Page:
Anatomy of Knee

The Basic Structure of the Knee Joint

The knee joint is one of the greatest gift to mankind by mother nature. Knee joint may look like a simple joint to a laymen, but is one of the most complex joint in the body. It is this complexity of the knee joint that allows humans fit to walk straight on two legs. As humans are the only species on this planet that walks straight; it is important for humans to be aware of its structure.

Due to straight posture of the human body, all the body weight falls on the knees. Hence any extra weight that a person gains, puts an extra load on his knees. Secondly, as it is not covered by muscles and fat all around; it is also likely to be injured by direct impact.

Three are many common reasons that damages our joint. Click here to know the most common causes that damages our knees. 

The knee is essentially made up of four bones; namely the femur (thigh bone), the tibia (leg bone), the fibula (side bone of the leg) and the patella (the knee cap). The bones provides structural support to the knee joint. Bones are usually injured due to a major injury and is generally apparent to a laymen also. However, a hairline fracture or a bone bruise may not be apparent and requires a specialist to diagnose. Click here to know more about bones of the knee joint. 

Knee Front ViewKnee Side View

These bones remain attached to each other via ligaments and joint capsule. There are four major ligaments in the knee joint that keeps different bones of the knee together. We can compare ligaments as the door hinges and bones as the door. That means, the role of the ligament is like hinges that keeps door in its place and also allows its designated and controlled movement. If the hinge is broken, the door will hang loose and door will not move in its orderly manner. Similarly, if a ligament is torn than the knee bones will become loose and unstable. The patient will develop falling tendency or unstable gait. A major injury is required to tear the ligaments and usually that injury is well remembered and correlated by patients. Click here to know more about the ligaments of the knee joint.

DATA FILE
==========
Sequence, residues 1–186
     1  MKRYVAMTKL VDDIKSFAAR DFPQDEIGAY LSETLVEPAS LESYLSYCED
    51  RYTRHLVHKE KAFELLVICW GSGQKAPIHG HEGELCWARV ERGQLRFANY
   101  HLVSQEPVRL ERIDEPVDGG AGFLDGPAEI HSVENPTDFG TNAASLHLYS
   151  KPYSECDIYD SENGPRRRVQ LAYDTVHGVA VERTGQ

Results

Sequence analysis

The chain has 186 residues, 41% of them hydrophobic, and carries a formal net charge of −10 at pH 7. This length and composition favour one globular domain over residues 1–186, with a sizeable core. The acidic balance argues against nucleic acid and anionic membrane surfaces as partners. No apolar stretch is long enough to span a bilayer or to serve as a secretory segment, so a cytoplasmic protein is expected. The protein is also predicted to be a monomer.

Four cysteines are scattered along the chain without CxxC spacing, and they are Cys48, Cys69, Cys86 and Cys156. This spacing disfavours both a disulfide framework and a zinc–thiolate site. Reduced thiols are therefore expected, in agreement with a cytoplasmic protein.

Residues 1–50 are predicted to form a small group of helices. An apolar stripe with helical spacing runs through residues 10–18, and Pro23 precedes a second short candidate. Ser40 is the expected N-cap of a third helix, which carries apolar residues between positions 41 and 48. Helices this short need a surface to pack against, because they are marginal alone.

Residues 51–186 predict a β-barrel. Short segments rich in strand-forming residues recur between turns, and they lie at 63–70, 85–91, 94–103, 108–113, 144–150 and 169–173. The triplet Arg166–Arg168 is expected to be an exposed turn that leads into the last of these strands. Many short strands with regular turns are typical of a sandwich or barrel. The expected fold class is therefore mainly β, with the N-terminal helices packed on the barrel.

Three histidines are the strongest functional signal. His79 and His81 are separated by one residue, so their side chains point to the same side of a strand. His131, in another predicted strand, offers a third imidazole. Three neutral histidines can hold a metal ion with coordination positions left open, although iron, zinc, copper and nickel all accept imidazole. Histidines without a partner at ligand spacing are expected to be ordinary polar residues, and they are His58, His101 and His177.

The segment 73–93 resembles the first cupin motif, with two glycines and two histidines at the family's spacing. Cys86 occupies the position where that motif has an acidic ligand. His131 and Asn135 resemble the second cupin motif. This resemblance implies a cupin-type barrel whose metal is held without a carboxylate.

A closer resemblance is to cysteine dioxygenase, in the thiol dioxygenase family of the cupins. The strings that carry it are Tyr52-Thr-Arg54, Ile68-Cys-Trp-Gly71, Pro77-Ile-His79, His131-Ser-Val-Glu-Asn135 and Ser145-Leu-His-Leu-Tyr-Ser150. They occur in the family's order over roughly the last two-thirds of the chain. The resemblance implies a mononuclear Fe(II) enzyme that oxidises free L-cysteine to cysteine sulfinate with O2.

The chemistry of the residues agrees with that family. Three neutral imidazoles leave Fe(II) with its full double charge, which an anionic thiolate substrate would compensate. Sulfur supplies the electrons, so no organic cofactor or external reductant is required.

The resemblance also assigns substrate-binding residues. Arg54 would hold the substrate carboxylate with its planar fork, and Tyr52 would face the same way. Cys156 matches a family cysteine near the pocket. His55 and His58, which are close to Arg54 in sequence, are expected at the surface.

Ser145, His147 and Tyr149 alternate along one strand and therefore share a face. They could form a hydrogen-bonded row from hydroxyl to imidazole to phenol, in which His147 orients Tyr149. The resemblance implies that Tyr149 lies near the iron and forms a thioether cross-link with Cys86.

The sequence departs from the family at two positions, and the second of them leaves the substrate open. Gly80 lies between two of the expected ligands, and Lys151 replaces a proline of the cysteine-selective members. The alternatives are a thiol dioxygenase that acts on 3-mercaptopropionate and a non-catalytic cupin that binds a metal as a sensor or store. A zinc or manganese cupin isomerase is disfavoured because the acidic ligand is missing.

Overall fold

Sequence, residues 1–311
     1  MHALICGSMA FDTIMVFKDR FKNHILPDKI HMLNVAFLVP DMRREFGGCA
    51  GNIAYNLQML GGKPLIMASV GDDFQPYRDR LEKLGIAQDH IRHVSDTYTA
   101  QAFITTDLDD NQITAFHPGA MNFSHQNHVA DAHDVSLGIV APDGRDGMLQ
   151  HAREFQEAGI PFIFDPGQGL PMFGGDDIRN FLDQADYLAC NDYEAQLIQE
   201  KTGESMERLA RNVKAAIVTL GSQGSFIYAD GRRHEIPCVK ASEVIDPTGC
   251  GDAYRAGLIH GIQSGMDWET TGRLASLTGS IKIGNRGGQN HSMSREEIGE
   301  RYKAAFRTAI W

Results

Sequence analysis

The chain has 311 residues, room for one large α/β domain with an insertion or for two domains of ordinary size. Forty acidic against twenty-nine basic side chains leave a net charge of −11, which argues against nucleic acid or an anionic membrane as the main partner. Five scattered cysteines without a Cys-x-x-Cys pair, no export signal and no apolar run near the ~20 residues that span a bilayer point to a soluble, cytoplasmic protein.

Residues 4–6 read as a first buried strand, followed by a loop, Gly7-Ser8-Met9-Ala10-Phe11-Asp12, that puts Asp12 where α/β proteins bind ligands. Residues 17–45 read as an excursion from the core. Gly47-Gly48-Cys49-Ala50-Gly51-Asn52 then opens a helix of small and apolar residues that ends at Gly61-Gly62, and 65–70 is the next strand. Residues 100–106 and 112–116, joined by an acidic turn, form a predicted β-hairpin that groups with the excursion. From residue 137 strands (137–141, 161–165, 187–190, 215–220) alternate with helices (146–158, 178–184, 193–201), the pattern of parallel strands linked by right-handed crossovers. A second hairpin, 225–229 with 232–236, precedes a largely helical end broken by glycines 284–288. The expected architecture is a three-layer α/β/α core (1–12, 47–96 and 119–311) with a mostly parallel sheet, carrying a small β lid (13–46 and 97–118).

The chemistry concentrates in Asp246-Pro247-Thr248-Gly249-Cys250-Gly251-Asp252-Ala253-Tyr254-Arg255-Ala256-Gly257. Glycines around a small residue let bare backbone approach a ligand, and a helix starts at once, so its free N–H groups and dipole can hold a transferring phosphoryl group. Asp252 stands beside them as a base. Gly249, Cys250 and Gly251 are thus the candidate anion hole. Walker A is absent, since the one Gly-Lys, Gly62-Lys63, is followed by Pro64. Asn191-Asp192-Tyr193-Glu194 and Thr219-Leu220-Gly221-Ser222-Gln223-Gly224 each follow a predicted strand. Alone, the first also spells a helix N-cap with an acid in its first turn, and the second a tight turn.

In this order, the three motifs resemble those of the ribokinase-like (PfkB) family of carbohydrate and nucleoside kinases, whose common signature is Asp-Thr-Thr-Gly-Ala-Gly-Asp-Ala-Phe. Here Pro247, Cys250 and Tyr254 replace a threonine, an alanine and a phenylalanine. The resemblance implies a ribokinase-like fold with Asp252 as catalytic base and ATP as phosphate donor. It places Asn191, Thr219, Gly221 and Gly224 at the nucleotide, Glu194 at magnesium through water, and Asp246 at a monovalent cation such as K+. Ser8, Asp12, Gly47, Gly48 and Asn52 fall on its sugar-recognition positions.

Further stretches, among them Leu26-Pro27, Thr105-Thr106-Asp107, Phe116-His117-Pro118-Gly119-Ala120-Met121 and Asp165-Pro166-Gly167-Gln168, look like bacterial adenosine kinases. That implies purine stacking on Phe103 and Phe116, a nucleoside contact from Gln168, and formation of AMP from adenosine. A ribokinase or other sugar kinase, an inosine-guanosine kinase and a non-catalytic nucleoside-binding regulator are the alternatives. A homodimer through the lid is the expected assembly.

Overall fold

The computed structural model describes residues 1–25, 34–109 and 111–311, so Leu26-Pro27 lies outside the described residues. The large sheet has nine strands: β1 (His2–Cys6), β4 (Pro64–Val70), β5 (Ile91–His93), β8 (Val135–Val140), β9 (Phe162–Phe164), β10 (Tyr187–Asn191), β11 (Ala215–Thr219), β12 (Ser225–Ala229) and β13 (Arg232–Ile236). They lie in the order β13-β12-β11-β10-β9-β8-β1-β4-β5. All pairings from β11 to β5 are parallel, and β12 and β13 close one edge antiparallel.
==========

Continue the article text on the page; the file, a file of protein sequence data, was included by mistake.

In addition there are few more important ligaments that controls patellar movements (knee cap movement). These ligaments keep patella (knee cap) to remain in the centre of the knee without tracking its course during the knee joint movement. One extra major ligament (patellar ligament or patellar tendon) transfers quadriceps power to the leg bone (the tibia) via patella (the knee cap). Click here to know more about the patellar ligaments.

The knee muscles which go across the knee joint are the quadriceps and the hamstrings. The quadriceps muscles are on the front of the knee, and the hamstrings are on the back of the knee. These muscles and associated tendons provide the force required for the movements of the knee joint. Click here to know more about muscles and tendon injuries of the knee joint.

There are also two discs like structures in between the femur and the tibia. These discs are ‘C’ shaped and are called meniscus. These discs (meniscus) are shock absorbers of the knee joint, but gets easily damaged on a twisting injuries. A small injury can also cause a meniscus tear and patient may not remember the exact episode of his/ her injury. Click here to know more about the meniscus.

All the bones that come in contact with each other are covered by a special tissue called cartilage. It is this structure that allows pain-free and limitless movement/ gliding of knee joint bones on each other. Cartilage (joint covering) is a special tissue that doesn’t have blood supply and nerve supply. Hence it has very limited capacity to heal itself and minor cartilage injury doesn't give pain. Anything that is damaged inside the knee joint (ligaments, meniscus, bones etc) ultimately puts abnormal load on the cartilage and causes rapid wear and tear of the knee joint. Click here to know more about the Cartilage.

In short we can say that…. 

  • Bones Support the Knee Joint
  • Muscles Move the Knee Joint
  • Ligaments Stabilise the Knee Joint
  • Meniscus Cushens the Knee Joint
  • Cartilage Protects Bone Ends and Allows Smooth Movement.
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